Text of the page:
Linux - NewbieThis Linux forum is for members that are new to Linux.
Just starting out and have a question?
If it is not in the man pages or the how-to's this is the place!
Welcome to LinuxQuestions.org, a friendly and active Linux Community.
You are currently viewing LQ as a guest. By joining our community you will have the ability to post topics, receive our newsletter, use the advanced search, subscribe to threads and access many other special features. Registration is quick, simple and absolutely free. Join our community today!
Note that registered members see fewer ads, and ContentLink is completely disabled once you log in.
If you have any problems with the registration process or your account login, please contact us. If you need to reset your password, click here.
Having a problem logging in? Please visit this page to clear all LQ-related cookies.
Introduction to Linux - A Hands on Guide
This guide was created as an overview of the Linux Operating System, geared toward new users as an exploration tour and getting started guide, with exercises at the end of each chapter.
For more advanced trainees it can be a desktop reference, and a collection of the base knowledge needed to proceed with system and network administration. This book contains many real life examples derived from the author's experience as a Linux system and network administrator, trainer and consultant. They hope these examples will help you to get a better understanding of the Linux system and that you feel encouraged to try out things on your own.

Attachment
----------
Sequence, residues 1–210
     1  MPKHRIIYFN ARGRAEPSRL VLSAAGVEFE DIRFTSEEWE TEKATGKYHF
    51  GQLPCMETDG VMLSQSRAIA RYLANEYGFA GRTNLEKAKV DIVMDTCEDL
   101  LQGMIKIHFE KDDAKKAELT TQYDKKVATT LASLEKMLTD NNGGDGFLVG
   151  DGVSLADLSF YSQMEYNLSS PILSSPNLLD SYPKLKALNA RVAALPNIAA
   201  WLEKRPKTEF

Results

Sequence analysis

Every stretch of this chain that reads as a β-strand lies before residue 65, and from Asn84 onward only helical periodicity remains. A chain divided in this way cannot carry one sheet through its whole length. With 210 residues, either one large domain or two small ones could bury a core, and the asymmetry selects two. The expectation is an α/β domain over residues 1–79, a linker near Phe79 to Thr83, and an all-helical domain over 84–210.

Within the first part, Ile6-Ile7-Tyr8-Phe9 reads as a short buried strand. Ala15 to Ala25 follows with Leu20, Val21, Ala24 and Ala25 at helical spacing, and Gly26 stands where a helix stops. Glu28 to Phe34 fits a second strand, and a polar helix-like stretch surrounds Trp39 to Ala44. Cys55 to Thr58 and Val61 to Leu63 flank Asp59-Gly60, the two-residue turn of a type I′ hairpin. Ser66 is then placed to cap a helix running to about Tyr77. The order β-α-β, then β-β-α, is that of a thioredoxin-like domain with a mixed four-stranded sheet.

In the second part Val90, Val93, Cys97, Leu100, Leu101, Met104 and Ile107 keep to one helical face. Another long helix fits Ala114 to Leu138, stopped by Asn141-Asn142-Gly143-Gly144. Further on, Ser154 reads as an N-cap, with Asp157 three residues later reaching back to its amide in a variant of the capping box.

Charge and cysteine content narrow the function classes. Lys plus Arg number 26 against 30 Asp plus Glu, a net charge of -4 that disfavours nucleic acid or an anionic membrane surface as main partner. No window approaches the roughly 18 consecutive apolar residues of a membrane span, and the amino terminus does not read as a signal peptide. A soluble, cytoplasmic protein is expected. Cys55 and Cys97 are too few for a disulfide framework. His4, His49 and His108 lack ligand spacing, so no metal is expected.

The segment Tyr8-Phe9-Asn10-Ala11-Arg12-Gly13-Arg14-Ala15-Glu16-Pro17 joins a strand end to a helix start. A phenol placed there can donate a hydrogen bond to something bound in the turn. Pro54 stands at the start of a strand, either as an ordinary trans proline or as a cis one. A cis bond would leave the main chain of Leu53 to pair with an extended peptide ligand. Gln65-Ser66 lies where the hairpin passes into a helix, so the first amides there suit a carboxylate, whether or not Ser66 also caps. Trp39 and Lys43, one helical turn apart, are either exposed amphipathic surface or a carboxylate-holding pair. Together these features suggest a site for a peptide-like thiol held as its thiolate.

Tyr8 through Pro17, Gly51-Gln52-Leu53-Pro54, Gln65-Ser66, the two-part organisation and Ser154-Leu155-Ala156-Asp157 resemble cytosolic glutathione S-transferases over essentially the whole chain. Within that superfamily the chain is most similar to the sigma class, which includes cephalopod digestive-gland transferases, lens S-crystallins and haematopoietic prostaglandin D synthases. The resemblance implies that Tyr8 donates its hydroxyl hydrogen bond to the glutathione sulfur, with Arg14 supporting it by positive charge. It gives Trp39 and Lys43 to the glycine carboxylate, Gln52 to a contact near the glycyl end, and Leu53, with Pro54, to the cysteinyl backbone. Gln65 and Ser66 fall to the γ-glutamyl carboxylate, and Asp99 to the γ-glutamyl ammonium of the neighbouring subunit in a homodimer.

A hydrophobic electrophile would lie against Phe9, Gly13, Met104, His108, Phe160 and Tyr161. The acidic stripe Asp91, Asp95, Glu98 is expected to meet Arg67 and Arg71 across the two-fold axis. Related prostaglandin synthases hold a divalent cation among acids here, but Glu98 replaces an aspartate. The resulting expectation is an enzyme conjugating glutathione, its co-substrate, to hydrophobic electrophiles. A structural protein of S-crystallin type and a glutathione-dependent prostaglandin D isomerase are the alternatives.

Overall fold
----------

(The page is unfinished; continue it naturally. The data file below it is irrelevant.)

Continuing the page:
Click Here to receive this Complete Guide absolutely free.
How did you "move a lot of data?" (I.e., which command(s) did you use?)
What you're seeing in the ls output is a "clobbered" directory file, which should not have happened regardless of what you did. I had that happen (to a single file) when I closed the wrong terminal window before the copy finished, but was able to recover by going to a "root" terminal window and using chown there, but, in my case, the file sizes were correctly set in the directory file, so only the ownership needed resetting.
You could try a file recovery tool like foremost or testdisk.
nb. i just used 'mv'. Something like mv dir/ /dir2 (move dir into dir2), where dir was at least 20 gb...
ok, tried testdisk. it reports no errors, when fetching the file list in testdisk, it gives back a list as it should be, even with the right user id (1000). but doing an ls, gives the same result. it seems as if only the 'root' directory file of the hd is bad. assume i've mounted the hd on /mnt, ls /mnt -l gives back the result in my first post, doing a ls /mnt/video -l gives a 'no such file or directory'...
if anyone could give me a kick in the right direction, i would be very grateful!
well.... i've managed to f*ck up another hd too... one advantage is that i now know what i did wrong...
the hd was mounted on /data/ I wanted to reset all permissions on the hd to 644 (for a start, wanted to do chmod +X later). This is what i did:
chmod -R 644 /data
i got an Perission denied warning, and after that, the same nice ls output:
?--------- ? ? ? ? ? data/docs
?--------- ? ? ? ? ? data/downloads
?--------- ? ? ? ? ? data/dump
so it wasn't the moving, but the chmod who damaged the directory file...
btw. note that a directory in the 'root' dir of the mounted disk looks like data/docs instead of docs.
Was that a sudo chmod -R 644 /data or did you neglect the sudo? (Unless you'd logged in as "root," which is, normally, a locked account which you cannot use. It can be unlocked, but doing so is "discouraged" by the Ubuntu developers.)